Make More Money with Big Auction Lots

    November 7, 2002

To big lot or not to big lot?

Which is better: big lots or small lots? Or, I should rephrase, which is more profitable?

My first conclusion was that you could make more money selling off items individually than you could lumping them all together in one big group. However, and this is a big however, there’s always the big all-important time factor. And, as we all know, time is money.

Most of what I’ve sold, I’ve sold as individual pieces. Occasionally I’ve sold things off in related groups; for example, a lot of four books about Mount Everest, which I sold to a guy in Scandinavia for around $40 — not bad!

But in my continuing quest to purge my existing inventory before acquiring too much more new inventory, I decided I needed a way to get rid of more things more quickly. Now, what did I have that people might want to buy in quantity?

Clothing? The trouble with mixed lots of clothing is that not everyone wants to buy a huge bunch of clothes at once. In fact, I believe most people shop on an item-per-item basis, and unless the bid is really low, they don’t want to pay for anything extraneous. (Unless they think they can auction it off themselves for decent money individually).

This weekend, in a frenzy of clutter-clearing activity, I cleaned out all the children’s’ VHS videotapes in our movie cabinet that my kids don’t watch anymore. There were some good titles, like Beauty and the Beast, Rugrats, Blue’s Clues, etc., but they were basically just taking up space. I looked at some completed auctions for other large lots of children’s videos.

Here are some samples of what I found:

– Lot of 61 VHS Walt Disney Movies: $346.05 (the titles were not even listed out; and you couldn’t tell from the picture exactly which films they were… I am guessing people emailed the seller to ask the names.)

– Lot of 30 Disney Movies “Classics VHS”: $152.50 (these were listed and included popular titles such as Aladdin, Pinocchio, 101 Dalmatians, and Beauty and the Beast).

– Disney Movies VHS Lot of 14 Some NEW: $105 (This is a good amount of money for fewer titles than the other auction: the new factor helps, as people can give them as gifts. Titles were: “THE BRAVE LITTLE TOASTER – TOY STORY – CINDERELLA – BEAUTY AND THE BEAST CHRISTMAS – THE ARISTOCATS – DUMBO – DISNEY’S SING ALONG SONGS – 20,000 LEAGUES UNDER THE SEA – ROBIN HOOD – ALICE IN WONDERLAND – PINOCCHIO.”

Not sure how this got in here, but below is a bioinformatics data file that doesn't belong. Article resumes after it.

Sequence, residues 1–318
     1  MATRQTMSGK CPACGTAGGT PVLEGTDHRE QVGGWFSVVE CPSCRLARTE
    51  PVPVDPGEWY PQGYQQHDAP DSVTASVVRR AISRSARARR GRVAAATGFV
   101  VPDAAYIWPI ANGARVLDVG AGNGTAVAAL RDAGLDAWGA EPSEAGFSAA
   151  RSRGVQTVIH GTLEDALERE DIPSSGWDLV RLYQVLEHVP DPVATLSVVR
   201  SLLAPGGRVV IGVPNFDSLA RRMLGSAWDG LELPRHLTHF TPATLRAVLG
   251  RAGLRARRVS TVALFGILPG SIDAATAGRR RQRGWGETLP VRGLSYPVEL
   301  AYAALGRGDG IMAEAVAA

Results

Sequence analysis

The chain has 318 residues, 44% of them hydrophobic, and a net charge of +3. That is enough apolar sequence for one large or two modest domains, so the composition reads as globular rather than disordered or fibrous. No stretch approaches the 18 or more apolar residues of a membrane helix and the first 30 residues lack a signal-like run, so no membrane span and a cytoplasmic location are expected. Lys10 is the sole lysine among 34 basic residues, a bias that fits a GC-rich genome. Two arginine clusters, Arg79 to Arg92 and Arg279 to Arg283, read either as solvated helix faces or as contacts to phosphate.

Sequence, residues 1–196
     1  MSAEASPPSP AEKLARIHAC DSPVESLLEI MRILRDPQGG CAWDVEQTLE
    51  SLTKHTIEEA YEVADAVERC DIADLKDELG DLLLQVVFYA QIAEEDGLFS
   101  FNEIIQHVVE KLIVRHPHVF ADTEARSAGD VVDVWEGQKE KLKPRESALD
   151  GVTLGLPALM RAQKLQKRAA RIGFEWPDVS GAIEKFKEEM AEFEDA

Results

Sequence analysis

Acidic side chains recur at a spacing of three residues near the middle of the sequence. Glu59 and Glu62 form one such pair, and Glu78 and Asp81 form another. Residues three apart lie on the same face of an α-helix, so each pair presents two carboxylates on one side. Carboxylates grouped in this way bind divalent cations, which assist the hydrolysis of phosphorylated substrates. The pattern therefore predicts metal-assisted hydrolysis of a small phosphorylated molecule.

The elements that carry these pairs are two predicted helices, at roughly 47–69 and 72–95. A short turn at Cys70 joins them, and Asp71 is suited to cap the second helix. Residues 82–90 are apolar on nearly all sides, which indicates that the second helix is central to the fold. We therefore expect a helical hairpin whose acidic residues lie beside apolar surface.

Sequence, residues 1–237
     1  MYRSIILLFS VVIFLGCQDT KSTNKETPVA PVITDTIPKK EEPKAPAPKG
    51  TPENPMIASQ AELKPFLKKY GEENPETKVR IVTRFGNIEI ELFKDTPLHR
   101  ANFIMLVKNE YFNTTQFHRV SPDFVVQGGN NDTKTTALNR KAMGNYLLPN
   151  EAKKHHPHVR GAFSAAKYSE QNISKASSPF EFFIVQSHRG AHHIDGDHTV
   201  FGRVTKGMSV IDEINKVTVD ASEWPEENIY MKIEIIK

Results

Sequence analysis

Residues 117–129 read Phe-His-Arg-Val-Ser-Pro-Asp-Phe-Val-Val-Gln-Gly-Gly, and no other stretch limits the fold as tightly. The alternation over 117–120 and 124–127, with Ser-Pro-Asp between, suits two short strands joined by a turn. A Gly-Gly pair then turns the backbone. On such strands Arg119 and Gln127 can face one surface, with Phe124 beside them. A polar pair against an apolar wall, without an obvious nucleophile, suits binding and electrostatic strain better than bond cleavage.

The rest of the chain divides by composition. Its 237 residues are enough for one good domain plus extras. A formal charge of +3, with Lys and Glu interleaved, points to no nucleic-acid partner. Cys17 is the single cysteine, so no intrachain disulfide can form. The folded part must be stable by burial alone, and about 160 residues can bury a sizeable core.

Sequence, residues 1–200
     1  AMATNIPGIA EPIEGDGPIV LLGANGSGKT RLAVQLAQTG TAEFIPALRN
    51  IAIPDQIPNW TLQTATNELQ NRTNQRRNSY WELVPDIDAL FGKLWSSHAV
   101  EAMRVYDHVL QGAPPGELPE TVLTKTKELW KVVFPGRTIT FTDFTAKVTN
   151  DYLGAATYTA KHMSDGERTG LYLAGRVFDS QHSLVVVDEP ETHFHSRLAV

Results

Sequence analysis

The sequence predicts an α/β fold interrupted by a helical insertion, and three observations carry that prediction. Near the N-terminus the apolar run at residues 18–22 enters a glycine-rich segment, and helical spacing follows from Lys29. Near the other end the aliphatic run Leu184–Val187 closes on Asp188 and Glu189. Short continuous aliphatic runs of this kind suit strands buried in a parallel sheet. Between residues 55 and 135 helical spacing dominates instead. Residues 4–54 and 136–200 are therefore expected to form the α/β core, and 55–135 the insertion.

I noticed that the Disney movies tended to sell very well. As you know if you’ve read my book, “What Sells on eBay for What,” brand is very important to auctions on eBay.

Notice how this auction with more movies sold for a little more than half as much as the last auction:


They weren’t bad movies; they included titles like Beatrix Potter, Digimon, Goosebumps; they just didn’t have some of the ubiquitously marketed titles like some of the Disney movies.

Another lot of 19 kids’ movies went for $36.00 — things like Pokemon, Clifford, and Teletubbies.


I concluded that even though I might do better to list each title separately, there was enough of a market out there for big lots of kids movies, and they were selling for enough money to make it worth my while to list ’em all at once. So, of course, it will be up to you as to which of your items you want to group together. I encourage you to experiment, too (which can also be fun).

Ask yourself if your items are the kinds of things people want a lot of. (As a parent who has succumbed to the urge to let movies keep the kids’ entertained for a few hours so I could get work done, I have to admit, a big bunch of movies for a hefty discount off retail prices is pretty attractive!).

With kids’ movies, I decided they were.

Now, with some other big lot auctions I’ve done, I haven’t done so well. A woman in Canada got an incredible deal from me on five brand-name tops — for a dollar each! Two factors keeping that sale down: the items were different styles, and they were very summery, and I listed them at summer’s end (I admit, I just didn’t want to pack them away for the season).

So that was an instance where the lot didn’t make a “lot” of sense.

But, if you’ve got a big bunch of similar items that people might want in quantity, and a big need to get rid of ’em, fast, consider the big lot.

Julia L. Wilkinson is the author of “What Sells on eBay for What”: Save hours of time and make more money: